2006 Annual Science Report
NASA Ames Research Center Reporting | JUL 2005 – JUN 2006
Year 8 focused on three activities.
- We conducted fieldwork at four sites in extreme environments. This consisted of field trips to the Bolivian Andes as part of the SETI NAI team led by Nathalie Cabrol of the SETI Institute. The idea was that at the altitudes where we sampled (~15,000 feet), the ozone column was substantially reduced, resulting in high levels of UV radiation flux. Additionally, many lagoons exist in the Altiplano with unusual chemistries. As we suspected, organisms new to science, and possibly highly radiation resistant, appear to grow there. For example, a psychrophilic halophilic bacterium was isolated and is now in pure culture, undergoing testing for desiccation and UV radiation resistance. Other isolates shown to be UV radiation resistant in our lab were exposed to hard radiation at the accelerator facility at Idaho State University. Preliminary data indicate that these organisms are also resistant to hard radiation. We are now refining our estimates of their radiation resistance and comparing them to other organisms known to be extremely radiation resistant (e.g., a sub-species of Halobacterium NRC-1, and Deinococcus radiodurans). In preparation for the EXPOSE flight, we are in the midst of conducting a bio-compatibility study in the ground simulation facility at the DLR in Cologne, Germany. Naked DNA was exposed as a UV dosimeter, and UV readings were taken with broadband sensors, and cross-calibrated with Eldonet readings. The work on one of the lagoons, Laguna Colorado, was presented at AbSciCon in Washington DC. New sites visited this year included Uyuni and a series of lagoons north near La Paz.
The second field site was a radioactive hotspring, Paralana Springs, in the Flinders Ranges in central Australia. Although we did not visit this site this year, currently collaborator Anitori is working on getting samples into culture and identifying the organisms through DNA sequencing prior to testing for radiation resistance.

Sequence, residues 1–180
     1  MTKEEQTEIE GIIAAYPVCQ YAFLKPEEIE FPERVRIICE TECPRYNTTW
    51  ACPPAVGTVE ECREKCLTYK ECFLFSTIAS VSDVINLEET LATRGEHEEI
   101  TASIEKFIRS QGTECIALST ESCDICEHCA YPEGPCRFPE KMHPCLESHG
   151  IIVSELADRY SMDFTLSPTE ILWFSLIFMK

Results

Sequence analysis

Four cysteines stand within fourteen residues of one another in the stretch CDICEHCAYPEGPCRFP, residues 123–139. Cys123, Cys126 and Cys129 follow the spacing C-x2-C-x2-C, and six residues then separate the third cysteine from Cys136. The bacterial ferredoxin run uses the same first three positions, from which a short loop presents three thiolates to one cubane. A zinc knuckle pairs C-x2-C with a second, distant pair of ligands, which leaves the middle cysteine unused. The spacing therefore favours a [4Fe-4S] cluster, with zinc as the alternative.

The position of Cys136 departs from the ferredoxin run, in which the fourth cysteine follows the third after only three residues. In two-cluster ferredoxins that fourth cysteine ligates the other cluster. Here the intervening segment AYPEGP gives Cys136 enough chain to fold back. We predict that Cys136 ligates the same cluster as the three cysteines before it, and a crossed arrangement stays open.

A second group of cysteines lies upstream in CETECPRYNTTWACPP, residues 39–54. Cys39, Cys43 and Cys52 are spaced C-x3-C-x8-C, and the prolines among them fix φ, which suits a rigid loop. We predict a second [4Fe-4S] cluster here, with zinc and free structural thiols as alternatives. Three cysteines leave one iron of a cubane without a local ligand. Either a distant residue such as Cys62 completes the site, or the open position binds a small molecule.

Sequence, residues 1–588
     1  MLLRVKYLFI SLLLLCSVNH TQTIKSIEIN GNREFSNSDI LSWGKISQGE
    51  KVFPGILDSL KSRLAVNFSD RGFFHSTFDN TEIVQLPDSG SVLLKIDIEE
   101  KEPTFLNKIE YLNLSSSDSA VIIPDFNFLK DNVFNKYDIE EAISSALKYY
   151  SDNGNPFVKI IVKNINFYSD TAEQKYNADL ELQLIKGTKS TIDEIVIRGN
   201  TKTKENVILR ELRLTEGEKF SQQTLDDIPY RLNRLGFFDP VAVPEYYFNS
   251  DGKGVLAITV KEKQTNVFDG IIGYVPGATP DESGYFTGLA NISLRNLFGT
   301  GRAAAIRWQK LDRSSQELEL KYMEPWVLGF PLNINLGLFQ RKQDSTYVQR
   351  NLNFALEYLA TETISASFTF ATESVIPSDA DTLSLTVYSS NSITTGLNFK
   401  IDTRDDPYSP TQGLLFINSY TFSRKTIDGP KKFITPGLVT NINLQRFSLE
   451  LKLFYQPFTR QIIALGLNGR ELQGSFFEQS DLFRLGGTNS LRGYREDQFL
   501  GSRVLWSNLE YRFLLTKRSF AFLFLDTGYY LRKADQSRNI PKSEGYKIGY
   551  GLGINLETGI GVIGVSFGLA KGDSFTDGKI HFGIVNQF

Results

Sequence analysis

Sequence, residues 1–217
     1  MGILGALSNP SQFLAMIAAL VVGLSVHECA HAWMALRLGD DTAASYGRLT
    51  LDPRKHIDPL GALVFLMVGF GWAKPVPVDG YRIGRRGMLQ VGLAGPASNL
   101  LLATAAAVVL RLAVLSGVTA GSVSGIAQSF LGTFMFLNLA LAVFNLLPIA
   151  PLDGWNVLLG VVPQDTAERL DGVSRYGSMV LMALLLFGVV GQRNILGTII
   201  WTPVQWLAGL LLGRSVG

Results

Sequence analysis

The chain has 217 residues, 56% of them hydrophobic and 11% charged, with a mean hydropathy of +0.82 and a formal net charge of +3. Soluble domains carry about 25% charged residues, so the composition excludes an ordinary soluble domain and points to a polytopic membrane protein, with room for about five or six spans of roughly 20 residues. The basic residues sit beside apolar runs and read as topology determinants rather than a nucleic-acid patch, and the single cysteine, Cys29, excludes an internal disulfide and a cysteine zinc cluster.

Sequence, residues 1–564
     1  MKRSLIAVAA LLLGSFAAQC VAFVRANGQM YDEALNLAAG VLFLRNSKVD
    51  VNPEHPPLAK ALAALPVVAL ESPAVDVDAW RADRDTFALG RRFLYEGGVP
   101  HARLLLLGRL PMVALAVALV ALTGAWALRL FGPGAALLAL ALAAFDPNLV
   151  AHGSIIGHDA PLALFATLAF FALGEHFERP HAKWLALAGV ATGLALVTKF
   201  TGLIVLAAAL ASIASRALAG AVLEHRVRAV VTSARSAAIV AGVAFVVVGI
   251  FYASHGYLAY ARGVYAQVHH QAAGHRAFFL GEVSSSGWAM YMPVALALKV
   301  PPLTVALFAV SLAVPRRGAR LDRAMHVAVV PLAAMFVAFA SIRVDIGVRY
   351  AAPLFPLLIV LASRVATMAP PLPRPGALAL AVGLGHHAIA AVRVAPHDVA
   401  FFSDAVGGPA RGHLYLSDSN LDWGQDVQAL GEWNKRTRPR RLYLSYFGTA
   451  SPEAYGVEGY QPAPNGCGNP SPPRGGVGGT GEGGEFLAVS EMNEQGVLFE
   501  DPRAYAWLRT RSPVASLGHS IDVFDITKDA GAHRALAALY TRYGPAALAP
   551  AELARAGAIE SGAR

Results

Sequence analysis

Third was an exploratory field trip to Lassen Volcanic National Park. High temperature sites were surveyed and snow algae were collected to try to get them into culture in the lab.
Finally, Research Associate Dana Rogoff, as part of her Master’s thesis, assessed the community structure and correlated that with pigmentation in the Cargill salt ponds in the south San Francisco Bay. Rogoff successfully defended her thesis at the Tiburon Center, June 13, 2006.
- We developed high-throughput assays to detect DNA damage. Previously our lab used an HPLC method that, while accurate, required highly purified DNA and was expensive and slow. Through work conducted by Erin Lashnits, formerly an undergraduate and now a graduate student at Stanford, a quicker, high throughput method for detection of direct and indirect DNA damage is available in our lab using fluorescent antibodies.
- We assessed the survival of microbes in meteorites. Collaborator Consolmagno obtained a rock breccia that functions as an analog of meteorites and is determining crack dimensions in collaboration with the Natural History Museum, London. In our lab, Research Associate Rogoff has begun to test whether we can easily get microbes in and out of the breccia. This work is being conducted to prepare for tests of radiation resistance of the organisms located inside meteorites, and to acquire sufficient data to justify our request for actual meteorite samples.
PROJECT INVESTIGATORS:Lynn Rothschild
PROJECT MEMBERS:Rocco Mancinelli
RELATED OBJECTIVES:Objective 5.3
Biochemical adaptation to extreme environments
Adaptation and evolution of life beyond Earth